For humans, it is possible that the first traders and farmers followed a similar, though not identical strategy. By avoiding contact with suspicious and agressive groups they would control their own breeding patterns. By expanding their populations through farming they could outcompete the rest. As time went on, the farming population, relatively passive and accommodating, would outgrow the non-farming population.


There are many factors that haven’t been taken into account above. I have not discussed the physical factors driving continued evolution, such as the role of disease in densely packed populations. Also, I would never dream of arguing for an entirely passive and money grabbing population created by trade and farming. There’s plenty of evidence to contradict that.

But I think that ignoring the role of artificial selection on the thinking of early farming communities is to miss something important. I think it also opens up the possibility that early farming populations were ripe for exploitation by cunning and aggressive nomad or forager populations once the technological conditions were right.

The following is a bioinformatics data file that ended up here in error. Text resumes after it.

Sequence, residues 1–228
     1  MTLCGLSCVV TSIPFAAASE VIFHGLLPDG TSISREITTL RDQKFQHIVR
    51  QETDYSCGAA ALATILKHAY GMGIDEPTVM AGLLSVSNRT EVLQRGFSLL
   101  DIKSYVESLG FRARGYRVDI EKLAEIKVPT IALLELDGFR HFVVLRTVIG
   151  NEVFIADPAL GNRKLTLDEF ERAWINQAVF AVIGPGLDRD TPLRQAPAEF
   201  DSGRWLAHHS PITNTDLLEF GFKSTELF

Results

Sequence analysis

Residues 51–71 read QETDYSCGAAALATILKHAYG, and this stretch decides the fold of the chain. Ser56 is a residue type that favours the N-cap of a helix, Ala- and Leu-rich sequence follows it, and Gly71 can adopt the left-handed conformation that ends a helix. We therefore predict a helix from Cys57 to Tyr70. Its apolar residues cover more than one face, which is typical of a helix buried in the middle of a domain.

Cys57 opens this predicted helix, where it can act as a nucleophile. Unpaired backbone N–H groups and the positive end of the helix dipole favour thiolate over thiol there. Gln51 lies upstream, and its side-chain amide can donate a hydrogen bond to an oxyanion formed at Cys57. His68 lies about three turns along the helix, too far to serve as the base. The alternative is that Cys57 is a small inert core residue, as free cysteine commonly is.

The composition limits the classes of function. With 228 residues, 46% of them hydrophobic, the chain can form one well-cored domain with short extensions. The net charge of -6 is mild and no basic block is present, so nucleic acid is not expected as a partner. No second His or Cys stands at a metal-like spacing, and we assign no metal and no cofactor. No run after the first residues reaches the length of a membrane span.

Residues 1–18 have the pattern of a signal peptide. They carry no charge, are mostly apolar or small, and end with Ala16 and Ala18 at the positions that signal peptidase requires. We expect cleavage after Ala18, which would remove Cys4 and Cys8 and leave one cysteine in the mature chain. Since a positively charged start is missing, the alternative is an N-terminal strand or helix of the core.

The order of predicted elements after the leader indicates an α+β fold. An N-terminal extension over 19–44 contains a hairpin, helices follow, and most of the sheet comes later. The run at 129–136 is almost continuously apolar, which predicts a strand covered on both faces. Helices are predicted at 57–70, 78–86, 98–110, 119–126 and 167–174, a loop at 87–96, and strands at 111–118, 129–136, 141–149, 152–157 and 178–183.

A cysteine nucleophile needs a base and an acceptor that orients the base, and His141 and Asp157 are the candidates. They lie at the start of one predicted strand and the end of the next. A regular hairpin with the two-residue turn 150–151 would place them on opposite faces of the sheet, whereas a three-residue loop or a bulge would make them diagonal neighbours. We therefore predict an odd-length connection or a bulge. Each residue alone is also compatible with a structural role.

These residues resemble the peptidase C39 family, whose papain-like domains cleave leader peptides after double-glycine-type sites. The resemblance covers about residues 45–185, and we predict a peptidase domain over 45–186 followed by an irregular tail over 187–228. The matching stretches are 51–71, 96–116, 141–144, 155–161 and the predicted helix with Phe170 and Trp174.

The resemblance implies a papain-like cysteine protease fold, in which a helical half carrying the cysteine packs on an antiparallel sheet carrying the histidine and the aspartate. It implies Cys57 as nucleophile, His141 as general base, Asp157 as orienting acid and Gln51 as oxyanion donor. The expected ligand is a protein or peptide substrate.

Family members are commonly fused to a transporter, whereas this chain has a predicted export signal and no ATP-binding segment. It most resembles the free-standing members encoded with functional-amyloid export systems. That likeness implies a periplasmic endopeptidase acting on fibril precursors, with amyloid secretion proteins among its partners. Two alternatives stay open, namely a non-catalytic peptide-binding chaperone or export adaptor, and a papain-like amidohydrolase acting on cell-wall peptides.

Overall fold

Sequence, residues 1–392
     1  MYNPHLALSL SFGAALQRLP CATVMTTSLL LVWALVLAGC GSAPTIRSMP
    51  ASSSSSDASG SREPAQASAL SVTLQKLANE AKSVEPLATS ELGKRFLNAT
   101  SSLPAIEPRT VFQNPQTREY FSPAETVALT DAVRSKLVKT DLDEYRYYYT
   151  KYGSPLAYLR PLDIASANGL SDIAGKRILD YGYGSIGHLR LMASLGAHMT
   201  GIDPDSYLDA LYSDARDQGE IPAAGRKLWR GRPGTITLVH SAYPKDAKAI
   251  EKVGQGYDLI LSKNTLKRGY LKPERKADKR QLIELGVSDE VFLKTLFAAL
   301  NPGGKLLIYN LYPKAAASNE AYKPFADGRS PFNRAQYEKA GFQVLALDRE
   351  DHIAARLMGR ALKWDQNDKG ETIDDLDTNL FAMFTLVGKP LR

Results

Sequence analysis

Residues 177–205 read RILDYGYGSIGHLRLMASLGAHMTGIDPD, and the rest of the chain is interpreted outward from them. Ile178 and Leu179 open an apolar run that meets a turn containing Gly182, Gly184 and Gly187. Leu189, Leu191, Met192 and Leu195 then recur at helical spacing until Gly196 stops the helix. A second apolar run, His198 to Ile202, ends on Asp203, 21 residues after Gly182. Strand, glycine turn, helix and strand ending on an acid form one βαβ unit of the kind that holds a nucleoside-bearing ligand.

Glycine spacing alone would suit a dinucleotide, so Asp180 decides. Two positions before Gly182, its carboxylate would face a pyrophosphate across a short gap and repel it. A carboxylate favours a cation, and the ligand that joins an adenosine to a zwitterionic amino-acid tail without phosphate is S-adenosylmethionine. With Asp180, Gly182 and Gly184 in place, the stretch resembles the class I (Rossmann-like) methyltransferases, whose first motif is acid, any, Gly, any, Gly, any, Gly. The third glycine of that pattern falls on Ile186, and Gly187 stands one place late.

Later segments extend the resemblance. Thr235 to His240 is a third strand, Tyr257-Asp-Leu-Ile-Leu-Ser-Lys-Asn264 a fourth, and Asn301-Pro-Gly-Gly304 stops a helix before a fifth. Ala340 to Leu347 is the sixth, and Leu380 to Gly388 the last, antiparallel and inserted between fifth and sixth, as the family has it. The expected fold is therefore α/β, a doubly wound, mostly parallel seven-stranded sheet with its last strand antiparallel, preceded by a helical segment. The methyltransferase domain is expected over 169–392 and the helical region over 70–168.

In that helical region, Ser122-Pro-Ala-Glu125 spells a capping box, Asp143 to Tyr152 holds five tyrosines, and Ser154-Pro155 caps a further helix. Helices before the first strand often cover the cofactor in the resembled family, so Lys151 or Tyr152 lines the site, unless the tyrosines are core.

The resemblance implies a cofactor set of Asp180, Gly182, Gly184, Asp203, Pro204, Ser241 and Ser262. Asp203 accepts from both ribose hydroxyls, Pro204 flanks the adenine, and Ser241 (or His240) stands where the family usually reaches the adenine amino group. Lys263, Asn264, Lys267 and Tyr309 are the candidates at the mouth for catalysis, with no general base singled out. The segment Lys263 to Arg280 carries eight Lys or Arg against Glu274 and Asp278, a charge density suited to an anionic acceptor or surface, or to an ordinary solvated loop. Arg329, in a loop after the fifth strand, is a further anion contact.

Either way, I think that Ian Hodder was on to something. Humans have been domesticated. However, this is probably not by training, as Hodder suggested, but by the only method that’s been shown to work, artificial selection.


Hodder, I. 1990 The Domestication of Europe, Oxford/Blackwell, pp331.

Ridley, M. 2010 The Rational Optimist: How Prosperity Evolves, Fourth Estate, pp448.

Seabright, P. 2005 The Company of Strangers: A Natural History of Economic Life, Princeton, pp320.

Trut, L.N. 1999 Early Canid Domestication: The Farm-Fox Experiment, American Scientist 87, p160-169.

Unknown author 2011 Modern Makeover, New Scientist 2804, p36-39 (

{ 6 comments… read them below or add one }

Leave a Comment